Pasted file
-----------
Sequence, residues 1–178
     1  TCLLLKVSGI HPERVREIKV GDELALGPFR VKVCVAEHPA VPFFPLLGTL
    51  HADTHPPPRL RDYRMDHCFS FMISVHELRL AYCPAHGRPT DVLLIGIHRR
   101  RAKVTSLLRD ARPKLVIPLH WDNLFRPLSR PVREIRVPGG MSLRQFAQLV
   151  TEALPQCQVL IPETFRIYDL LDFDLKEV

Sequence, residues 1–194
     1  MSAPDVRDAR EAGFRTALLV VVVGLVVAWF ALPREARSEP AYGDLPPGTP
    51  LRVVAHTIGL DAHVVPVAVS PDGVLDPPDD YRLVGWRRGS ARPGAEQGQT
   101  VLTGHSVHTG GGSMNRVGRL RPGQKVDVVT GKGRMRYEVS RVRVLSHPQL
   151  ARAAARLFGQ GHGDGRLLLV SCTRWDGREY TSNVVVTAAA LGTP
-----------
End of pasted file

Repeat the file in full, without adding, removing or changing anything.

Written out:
Sequence, residues 1–178
     1  TCLLLKVSGI HPERVREIKV GDELALGPFR VKVCVAEHPA VPFFPLLGTL
    51  HADTHPPPRL RDYRMDHCFS FMISVHELRL AYCPAHGRPT DVLLIGIHRR
   101  RAKVTSLLRD ARPKLVIPLH WDNLFRPLSR PVREIRVPGG MSLRQFAQLV
   151  TEALPQCQVL IPETFRIYDL LDFDLKEV

Sequence, residues 1–194
     1  MSAPDVRDAR EAGFRTALLV VVVGLVVAWF ALPREARSEP AYGDLPPGTP
    51  LRVVAHTIGL DAHVVPVAVS PDGVLDPPDD YRLVGWRRGS ARPGAEQGQT
   101  VLTGHSVHTG GGSMNRVGRL RPGQKVDVVT GKGRMRYEVS RVRVLSHPQL
   151  ARAAARLFGQ GHGDGRLLLV SCTRWDGREY TSNVVVTAAA LGTP